Joking Around

I credit my sense of humor to my old man. On those mornings that I didn’t ride the school bus, he’d take me to work with him and I’d listen to him retell his stories from the previous weekend while his coworkers and customers rolled with laughter while blowing on their coffee and ashing their Marlboros. I might have smelled like an ashtray going to school, but I’ve never laughed harder at jokes and one-liners that I didn’t fully understand. 

When I meet people who know my dad for the first time, I always get the same two responses. “I’m sorry for you” or “he’s so full of shit,” both of which are accompanied by a big smile. They are wrong for feeling sorry, but they are most certainly right about him being full of shit. I know because I’m full of shit and it had to come from somewhere. It certainly wasn’t given to me by my sweet mother.

My dad not only taught me how to laugh, joke, rib, kid, needle, raz, banter, and jest, he also taught me how to play golf. Laughter and golf just kind of go together. I love telling jokes while standing on the tee box waiting for the foursome in front of us to clear the fairway, the same way my dad still does during our men’s league matches together. Playing partners become the perfect captive audience to work on the next zinger or bit you heard over coffee and cigarettes earlier that morning. 

I tell groups that I speak to that sports are the one thing in life that makes us forget about the things that typically divide us. Golf most certainly does that. I’ve played with Republicans (it’s Kansas afterall), Democrats (they exist in Kansas too!), Libertarians (surprisingly strict about golf rules for people who don’t like regulations), Catholics, Methodists, Lutherans, Protestants, Agnostics, Atheists, and every other label we put on ourselves to identify us as part of one group or another. And none of that mattered on the golf course. What has always mattered was having a good time and playing good golf. I don’t always play good golf. Because of that, I don’t always have a great time either. I guess that’s another way I need to be more like my dad. No doubt that’s cringe worthy to some of you reading this who know the two of us…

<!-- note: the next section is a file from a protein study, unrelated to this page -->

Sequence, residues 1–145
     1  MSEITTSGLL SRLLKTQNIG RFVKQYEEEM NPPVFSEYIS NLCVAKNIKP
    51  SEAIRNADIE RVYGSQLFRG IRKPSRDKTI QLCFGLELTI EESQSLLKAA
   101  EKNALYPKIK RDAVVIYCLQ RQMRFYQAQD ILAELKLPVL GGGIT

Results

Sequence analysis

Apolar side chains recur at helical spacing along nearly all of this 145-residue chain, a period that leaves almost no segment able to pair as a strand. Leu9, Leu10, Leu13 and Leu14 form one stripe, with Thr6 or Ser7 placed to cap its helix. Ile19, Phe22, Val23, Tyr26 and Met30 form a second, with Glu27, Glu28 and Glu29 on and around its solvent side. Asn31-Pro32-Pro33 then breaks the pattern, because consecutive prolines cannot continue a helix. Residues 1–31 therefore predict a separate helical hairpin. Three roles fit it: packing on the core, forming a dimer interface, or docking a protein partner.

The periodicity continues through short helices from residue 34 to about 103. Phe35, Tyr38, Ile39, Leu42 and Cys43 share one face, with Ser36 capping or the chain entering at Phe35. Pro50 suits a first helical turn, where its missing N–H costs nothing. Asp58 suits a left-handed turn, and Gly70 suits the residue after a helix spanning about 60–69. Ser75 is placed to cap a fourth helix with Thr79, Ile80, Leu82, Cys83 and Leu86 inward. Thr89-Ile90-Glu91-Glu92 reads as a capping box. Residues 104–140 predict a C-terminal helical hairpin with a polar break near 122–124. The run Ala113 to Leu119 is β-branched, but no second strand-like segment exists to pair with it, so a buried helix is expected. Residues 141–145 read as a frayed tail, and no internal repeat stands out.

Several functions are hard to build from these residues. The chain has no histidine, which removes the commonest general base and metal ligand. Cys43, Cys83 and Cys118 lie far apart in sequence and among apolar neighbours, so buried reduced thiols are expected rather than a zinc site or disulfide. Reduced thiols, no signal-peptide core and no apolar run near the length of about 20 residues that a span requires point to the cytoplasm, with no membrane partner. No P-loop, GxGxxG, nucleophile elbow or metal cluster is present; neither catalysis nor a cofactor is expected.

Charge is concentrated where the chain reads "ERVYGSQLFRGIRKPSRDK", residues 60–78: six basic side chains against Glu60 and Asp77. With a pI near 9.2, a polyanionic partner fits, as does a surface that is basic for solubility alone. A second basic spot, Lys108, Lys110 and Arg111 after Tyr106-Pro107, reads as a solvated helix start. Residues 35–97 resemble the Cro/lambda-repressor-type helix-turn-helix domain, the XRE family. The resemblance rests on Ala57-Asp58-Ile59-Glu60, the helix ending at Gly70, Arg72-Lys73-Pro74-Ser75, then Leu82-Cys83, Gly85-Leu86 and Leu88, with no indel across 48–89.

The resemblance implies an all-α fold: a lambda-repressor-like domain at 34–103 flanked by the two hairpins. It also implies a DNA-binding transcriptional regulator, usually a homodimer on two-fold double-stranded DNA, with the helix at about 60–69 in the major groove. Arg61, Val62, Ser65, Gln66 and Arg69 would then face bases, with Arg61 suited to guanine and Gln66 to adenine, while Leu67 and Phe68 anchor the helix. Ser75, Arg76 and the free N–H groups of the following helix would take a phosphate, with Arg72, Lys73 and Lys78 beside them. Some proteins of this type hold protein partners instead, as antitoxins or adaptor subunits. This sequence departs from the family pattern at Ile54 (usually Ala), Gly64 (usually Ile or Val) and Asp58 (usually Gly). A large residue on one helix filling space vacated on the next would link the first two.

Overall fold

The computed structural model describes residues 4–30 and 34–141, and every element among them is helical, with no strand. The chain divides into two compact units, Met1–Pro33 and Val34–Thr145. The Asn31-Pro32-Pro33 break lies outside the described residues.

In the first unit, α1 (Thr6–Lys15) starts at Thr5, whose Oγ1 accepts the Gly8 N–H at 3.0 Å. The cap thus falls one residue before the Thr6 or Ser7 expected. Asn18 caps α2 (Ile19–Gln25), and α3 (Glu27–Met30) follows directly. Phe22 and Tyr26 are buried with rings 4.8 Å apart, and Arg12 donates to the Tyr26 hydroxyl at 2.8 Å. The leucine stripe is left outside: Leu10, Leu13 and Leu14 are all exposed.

I remember all the shots from a round for several hours after the last putt drops. I remember the best jokes and laughs for years. I retell my favorites every round I play with someone new. I break out the old “do you know how much this pin flag weighs?” bit literally all the time. It’s become a calling card of sorts. There are a few others I’ve picked up over the years, some from my dad, some from friends, others from strangers. Each has provided the mental break and a laugh that helps my game and reminds me why I love to play this dumb game so much.  

I’m a firm believer that you can’t play this game without having a sense of humor. It’s a humbling game and if you can’t laugh at yourself, you’re going to end up throwing your ball, club, or entire bag, into the nearest lake. That kind of frustration isn’t fun to experience. But, if you don’t laugh at the sight of a 9-iron hurling through the air and getting stuck in a tree, you need to see a physician because your funny bone has a hairline fracture. I’m all for mental health positivity, but watching a golfer lose their mind and go ballistic will never not be funny because we’ve all been there. With this game, sometimes all you can do is laugh about it and laugh it off.  

Most of us will never be stand-up comedians who tell jokes for a living. My goal is to be a stand-up golfer who lives to tell jokes. When you think about it, there isn’t that much of a difference between making people laugh on stage and making people laugh on an elevated tee box.

My old man is full of shit sometimes. He pretty much is everytime we play golf. I guess I come by it honestly. Just know, the next time we tee it up, I’m going to joke. I’m going goof. I’m going josh. Hope you will too. I’m all ears for your next one-liner, your next zinger, your next good-natured ribbing. Let ‘em fly and then we’ll play some golf. 

Until Next Time,


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